“It definitely has a great spice profile, a lot of flavors. You’ve seen, I believe, mass chains picking up on the flavor profiles and ingredients from gochujang pepper paste to kimchee, bulgogi burgers. We are already seeing it a bit on the food trucks, but I think it will definitely be a big hit out in the restaurant industry.”
Naturally Fermented Food
“What are naturally fermented foods? More than just pickles. We’ve seen fermented bread, radishes, yogurts, kombucha juice. Naturally fermented foods have been in great popularity in terms of health, flavor profile. Chefs are definitely exploring its ability to enhance dishes. We saw a festival of 5,000 people at Boston Fermented Food Festival. People showed up really enthusiastic… A lot of food critics are saying this is the future of eating. I think in 2017 we will see a whole lot of that!”
Finally, Doug Radkey, an expert in restaurant and bar startup development and founder of Key Restaurant Group in Canada, shared his top three trends for 2017.
“I believe this is continuously going be a disruptor from within the industry and more so with independents in this upcoming year, as it’s more convenient for them to get online ordering, online payments, digital loyalty reward programs. These are all becoming more accessible for them and also affordable.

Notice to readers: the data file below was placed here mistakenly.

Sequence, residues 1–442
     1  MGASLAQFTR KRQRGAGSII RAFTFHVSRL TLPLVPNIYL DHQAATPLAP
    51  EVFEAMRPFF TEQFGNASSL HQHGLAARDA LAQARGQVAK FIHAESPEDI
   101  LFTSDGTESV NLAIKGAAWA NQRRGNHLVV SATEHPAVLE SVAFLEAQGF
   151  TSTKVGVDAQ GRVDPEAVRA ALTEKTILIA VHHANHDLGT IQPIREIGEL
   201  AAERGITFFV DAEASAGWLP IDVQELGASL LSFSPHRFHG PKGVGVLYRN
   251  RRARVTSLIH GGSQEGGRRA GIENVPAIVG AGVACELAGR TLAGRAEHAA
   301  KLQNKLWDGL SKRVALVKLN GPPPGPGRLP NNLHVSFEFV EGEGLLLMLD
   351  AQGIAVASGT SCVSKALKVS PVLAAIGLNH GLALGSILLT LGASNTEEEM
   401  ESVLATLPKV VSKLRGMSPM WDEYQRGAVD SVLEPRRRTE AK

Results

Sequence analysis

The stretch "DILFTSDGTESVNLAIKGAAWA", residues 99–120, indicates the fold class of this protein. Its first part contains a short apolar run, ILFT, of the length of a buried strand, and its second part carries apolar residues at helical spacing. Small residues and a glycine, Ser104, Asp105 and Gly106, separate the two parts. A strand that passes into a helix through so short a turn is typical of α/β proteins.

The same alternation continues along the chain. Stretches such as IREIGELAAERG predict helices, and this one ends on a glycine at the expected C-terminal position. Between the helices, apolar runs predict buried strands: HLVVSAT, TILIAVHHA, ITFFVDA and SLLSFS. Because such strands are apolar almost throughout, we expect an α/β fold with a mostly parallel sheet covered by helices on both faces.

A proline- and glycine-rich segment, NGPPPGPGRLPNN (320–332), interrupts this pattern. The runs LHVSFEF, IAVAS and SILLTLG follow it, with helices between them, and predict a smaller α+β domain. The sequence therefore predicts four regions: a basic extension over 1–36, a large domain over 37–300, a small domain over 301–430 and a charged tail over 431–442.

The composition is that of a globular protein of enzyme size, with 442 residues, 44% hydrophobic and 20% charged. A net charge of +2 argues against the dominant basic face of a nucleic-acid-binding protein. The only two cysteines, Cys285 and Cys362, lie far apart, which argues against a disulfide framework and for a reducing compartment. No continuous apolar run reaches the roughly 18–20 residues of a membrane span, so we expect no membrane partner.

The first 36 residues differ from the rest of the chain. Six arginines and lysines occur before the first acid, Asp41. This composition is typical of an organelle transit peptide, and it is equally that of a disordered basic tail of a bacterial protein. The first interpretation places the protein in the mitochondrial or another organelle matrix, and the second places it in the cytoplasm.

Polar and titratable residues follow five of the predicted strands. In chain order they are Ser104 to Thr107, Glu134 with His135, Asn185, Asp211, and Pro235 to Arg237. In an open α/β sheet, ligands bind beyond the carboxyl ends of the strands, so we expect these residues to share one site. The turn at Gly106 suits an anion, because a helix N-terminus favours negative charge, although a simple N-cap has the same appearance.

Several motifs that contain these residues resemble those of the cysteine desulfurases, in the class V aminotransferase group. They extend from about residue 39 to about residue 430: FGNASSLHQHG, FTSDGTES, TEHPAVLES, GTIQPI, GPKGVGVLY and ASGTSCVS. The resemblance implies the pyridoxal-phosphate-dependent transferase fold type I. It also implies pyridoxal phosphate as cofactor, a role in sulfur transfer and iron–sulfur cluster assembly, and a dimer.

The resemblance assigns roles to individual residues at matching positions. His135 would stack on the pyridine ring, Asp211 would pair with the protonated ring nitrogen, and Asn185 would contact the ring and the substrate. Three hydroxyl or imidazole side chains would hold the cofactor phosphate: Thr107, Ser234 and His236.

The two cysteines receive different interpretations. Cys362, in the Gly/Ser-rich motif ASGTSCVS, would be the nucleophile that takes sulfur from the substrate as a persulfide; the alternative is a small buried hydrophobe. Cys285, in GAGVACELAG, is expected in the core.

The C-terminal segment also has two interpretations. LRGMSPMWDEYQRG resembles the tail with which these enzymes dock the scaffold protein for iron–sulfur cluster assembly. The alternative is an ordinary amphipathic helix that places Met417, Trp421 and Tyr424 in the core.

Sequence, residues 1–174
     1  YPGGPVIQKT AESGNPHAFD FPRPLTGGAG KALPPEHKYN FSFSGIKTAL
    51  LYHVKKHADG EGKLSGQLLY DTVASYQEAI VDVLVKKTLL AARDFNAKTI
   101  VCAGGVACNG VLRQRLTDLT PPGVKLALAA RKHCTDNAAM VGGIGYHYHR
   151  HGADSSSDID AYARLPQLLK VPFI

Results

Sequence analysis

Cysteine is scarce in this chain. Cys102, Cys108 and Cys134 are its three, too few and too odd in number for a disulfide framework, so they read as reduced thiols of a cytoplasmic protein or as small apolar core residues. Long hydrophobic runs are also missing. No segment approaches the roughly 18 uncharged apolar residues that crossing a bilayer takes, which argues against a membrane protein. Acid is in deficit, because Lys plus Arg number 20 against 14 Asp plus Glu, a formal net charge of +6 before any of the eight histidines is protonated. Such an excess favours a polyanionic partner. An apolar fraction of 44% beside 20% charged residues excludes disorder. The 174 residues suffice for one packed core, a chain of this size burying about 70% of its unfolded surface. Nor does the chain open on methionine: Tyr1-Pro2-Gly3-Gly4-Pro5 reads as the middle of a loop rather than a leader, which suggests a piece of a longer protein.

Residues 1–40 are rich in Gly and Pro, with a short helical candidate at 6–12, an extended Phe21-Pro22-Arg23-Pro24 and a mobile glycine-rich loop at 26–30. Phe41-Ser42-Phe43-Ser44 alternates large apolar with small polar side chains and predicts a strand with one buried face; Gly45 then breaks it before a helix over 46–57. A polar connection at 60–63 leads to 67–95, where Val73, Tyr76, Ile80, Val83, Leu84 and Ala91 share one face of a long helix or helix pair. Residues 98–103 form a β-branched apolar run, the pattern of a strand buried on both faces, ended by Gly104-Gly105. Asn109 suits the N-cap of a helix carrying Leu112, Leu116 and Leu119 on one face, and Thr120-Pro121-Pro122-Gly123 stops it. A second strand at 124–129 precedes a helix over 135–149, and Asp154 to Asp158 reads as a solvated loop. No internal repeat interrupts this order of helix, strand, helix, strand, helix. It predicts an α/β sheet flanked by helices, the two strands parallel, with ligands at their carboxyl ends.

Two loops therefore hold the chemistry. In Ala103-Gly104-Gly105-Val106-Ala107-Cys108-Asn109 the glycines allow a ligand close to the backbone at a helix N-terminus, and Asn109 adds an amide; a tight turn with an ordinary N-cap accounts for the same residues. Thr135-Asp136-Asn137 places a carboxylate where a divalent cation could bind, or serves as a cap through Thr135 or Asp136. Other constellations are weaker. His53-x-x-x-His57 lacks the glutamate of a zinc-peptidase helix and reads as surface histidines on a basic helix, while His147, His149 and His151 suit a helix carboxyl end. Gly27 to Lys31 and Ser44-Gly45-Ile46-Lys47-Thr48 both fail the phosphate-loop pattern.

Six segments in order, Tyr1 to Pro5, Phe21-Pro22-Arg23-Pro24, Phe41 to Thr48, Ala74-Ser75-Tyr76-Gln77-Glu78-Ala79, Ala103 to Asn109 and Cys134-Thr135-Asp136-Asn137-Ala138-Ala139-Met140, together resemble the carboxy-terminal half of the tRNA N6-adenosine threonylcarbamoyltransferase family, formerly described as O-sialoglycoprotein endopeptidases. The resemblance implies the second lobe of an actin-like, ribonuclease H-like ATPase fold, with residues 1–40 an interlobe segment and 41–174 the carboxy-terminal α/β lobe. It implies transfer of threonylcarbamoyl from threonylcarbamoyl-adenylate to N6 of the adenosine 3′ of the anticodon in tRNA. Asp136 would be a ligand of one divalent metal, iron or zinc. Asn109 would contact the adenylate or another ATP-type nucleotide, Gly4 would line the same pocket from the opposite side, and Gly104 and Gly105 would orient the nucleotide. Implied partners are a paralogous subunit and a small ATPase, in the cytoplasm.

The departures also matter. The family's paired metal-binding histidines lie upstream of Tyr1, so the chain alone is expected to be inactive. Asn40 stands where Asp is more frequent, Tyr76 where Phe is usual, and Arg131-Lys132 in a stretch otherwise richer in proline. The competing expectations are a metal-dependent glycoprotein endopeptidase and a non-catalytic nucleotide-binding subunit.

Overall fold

At the same time, we are also going to see more full-service restaurants get into the take-out and delivery spectrum, delivering food to homes, offices and even hotels…. Also voice-recognition is going to become a bigger thing... [with items such as Amazon‘s Echo] where customers can place an order from their home by simply using their voice."
Garden to Glass with Hyper-Local Products
“Chefs getting into it with their own gardens, more storytelling behind the product, where it’s coming from, and also instead of farm to table, we are going to start seeing more garden to glass for example, on the bar side of things…”
Struggles for Start-Ups in 2017 and Advice